The monks of Mt. Kongo’s Senpou Temple are hostile, and require you to fight your way through them, but nothing about the orange-clad figures immediately jumps out as disturbing. They seem to just be normal human enemies. There are plenty of benign explanations one could concoct for their hostility. Maybe they are simply territorial and view you as an intruder into their otherwise peaceful land. Without further context, nothing about them raises a red flag. Further up the mountain, however, is one monk leading several others in prayer. They are oblivious, but if provoked the one leading the prayer will projectile vomit onto Sekiro and attract hordes of enormous locusts prowling the temple grounds. This is just the first glimpse of something more disturbing happening on Mt. Kongo. Again, though, without context, it doesn’t mean all that much.
After that encounter, you spill back outside. By now, you will probably notice something odd littering the ground: masses of small stone statues. They can be easy to overlook with the stress of fighting the monks to distract you, or the much more abundant beauty of the mountain drowning them out. Even when you do happen to glance down at them in the fields of fallen leaves, they are barely liminal additions to the landscape. It’s easy to notice them once and then have them just blend back into the scenery. It’s easy because of how rarely you encounter them in the dozens of hours leading up to this point. If you find them curious enough, though, you might pause to think about what they are and remember that you’ve seen something like them before.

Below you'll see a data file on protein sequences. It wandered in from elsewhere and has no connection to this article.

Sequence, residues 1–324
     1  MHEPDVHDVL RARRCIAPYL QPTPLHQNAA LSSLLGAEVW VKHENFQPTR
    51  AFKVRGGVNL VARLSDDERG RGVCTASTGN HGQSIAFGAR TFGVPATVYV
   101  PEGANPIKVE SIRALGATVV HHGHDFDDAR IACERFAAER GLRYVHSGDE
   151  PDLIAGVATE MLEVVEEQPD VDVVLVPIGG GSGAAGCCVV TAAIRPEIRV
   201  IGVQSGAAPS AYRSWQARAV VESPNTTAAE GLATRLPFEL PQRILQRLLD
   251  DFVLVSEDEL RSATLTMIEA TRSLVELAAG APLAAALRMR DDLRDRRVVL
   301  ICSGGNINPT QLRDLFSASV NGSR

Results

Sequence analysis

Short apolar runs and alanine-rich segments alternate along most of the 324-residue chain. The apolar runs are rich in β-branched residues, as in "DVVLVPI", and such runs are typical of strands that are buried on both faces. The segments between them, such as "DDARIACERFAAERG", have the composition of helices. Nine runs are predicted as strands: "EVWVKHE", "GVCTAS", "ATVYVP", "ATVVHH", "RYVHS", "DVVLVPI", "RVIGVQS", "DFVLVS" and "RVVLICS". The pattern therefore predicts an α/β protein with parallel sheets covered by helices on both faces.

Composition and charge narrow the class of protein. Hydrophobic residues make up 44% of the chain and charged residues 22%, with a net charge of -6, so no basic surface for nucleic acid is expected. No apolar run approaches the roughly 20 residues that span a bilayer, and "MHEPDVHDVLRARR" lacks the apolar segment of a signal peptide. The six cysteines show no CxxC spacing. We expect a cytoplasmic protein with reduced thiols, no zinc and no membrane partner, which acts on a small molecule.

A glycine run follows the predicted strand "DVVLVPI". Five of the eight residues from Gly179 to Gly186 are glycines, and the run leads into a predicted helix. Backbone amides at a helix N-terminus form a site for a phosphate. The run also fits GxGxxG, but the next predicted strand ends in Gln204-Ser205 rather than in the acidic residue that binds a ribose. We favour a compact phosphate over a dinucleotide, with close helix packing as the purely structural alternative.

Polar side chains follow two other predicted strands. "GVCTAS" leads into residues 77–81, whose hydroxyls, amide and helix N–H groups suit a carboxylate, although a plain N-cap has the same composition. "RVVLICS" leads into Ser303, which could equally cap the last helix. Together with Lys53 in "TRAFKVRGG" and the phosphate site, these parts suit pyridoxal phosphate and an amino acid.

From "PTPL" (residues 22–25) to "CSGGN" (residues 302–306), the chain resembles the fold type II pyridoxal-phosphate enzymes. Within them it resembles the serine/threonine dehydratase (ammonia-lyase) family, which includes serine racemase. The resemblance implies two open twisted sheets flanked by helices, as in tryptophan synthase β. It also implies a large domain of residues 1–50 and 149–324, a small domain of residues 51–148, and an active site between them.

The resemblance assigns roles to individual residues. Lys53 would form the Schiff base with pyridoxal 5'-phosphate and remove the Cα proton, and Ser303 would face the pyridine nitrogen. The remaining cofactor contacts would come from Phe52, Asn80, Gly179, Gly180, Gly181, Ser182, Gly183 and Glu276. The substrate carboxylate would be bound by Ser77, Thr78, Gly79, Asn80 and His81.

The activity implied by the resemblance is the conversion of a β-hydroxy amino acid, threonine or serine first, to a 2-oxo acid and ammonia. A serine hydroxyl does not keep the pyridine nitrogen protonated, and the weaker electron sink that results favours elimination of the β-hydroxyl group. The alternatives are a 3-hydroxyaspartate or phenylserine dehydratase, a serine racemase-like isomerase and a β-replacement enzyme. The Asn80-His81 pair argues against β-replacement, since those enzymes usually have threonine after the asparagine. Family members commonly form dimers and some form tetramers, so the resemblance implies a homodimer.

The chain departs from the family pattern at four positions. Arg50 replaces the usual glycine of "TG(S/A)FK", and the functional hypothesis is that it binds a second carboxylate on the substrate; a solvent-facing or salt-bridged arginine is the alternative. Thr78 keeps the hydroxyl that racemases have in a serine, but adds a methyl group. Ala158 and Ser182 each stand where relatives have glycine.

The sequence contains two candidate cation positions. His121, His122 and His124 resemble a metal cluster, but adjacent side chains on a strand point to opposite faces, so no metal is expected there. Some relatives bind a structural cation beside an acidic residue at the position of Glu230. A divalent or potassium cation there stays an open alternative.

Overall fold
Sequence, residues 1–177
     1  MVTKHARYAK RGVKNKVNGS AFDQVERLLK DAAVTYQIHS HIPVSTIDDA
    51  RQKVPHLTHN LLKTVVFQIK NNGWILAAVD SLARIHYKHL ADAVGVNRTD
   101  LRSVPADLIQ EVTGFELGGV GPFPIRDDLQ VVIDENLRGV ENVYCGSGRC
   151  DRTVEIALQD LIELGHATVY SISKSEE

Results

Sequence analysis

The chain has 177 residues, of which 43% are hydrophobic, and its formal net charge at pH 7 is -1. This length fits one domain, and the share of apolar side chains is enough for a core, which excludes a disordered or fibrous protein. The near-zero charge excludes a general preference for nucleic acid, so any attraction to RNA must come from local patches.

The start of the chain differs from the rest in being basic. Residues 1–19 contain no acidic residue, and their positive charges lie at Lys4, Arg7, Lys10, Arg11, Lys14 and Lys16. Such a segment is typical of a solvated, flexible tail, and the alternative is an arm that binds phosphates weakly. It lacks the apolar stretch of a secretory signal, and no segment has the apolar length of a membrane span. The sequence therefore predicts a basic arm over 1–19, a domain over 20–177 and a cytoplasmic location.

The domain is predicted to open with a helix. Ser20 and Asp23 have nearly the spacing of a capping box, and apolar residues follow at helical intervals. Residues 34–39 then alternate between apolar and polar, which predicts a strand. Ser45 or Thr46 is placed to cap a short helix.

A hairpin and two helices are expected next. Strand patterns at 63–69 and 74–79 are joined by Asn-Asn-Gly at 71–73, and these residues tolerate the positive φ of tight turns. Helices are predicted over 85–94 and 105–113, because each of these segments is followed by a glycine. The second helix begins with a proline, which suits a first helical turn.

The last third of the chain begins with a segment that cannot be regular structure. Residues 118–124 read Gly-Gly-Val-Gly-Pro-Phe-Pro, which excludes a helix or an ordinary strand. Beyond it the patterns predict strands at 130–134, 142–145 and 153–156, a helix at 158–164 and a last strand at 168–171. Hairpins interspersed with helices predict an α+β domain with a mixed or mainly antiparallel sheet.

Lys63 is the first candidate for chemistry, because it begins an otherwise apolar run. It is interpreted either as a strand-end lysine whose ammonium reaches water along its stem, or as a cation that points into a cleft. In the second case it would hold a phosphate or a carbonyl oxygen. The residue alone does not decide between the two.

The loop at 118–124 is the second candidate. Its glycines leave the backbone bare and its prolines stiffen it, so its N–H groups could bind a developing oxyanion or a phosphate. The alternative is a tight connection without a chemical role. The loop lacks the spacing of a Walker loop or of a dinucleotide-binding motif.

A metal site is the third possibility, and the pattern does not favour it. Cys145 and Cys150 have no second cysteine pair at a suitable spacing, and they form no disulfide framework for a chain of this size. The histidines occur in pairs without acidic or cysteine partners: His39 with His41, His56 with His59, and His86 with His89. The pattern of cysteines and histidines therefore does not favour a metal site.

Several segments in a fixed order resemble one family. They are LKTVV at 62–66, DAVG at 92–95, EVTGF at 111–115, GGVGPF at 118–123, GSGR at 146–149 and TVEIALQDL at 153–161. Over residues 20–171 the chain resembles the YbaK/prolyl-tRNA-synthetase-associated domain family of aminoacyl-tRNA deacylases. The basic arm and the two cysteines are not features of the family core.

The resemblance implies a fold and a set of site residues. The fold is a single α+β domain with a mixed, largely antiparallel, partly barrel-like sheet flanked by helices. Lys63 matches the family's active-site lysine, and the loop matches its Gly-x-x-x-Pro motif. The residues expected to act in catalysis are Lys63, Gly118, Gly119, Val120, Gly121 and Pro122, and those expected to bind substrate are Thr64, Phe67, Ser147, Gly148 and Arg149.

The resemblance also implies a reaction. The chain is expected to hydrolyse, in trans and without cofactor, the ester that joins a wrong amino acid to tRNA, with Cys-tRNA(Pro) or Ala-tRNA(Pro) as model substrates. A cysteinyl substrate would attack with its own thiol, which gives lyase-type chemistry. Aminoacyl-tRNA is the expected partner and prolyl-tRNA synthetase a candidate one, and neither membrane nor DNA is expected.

That’s when it all falls into place. These are Bundled Jizo Statues – an uncountable number of them. The implications of innumerable statues dedicated to mourning children who have passed on hits like a tsunami. Mt. Kongo’s beauty is only skin deep, and the surface something twisted has happened. Using a purely visual callback, Miyazaki tells a story with the environment that upends all initial impressions of the level and chills the bones. Suddenly, those hostile monks and the vomiting monk take on a new, more sinister light. Are they at fault?
As you learn in the latter half of the level, yes, they are. The game’s story is about immortality, and in what is perhaps a bit of meta text, the stagnation of not letting something come to an end, like the sub-genre Miyazaki popularized ten years ago. There are many forms of immortality found in Sekiro, and many factions seeking to defy nature to obtain immortality. One such form involves the monks of Senpou Temple “infesting” people with gargantuan immortal centipedes. This is at first hinted at in item descriptions, shown as you encounter unkillable enemies with centipedes bursting out of them. In their machinations to infest people, they wanted to create their own Divine Child, much like the immortal Kuro whom the protagonist serves.
Finally, by the very end of Mt. Kongo, this is all made text when you meet her – the Divine Child of Rejuvenation. She was “infested,” by the monks, to use the game’s terminology. She was the only success the monks found in their experiments. The fields full of small stone statues are memorials to rest, a reminder of the cost of their endeavours.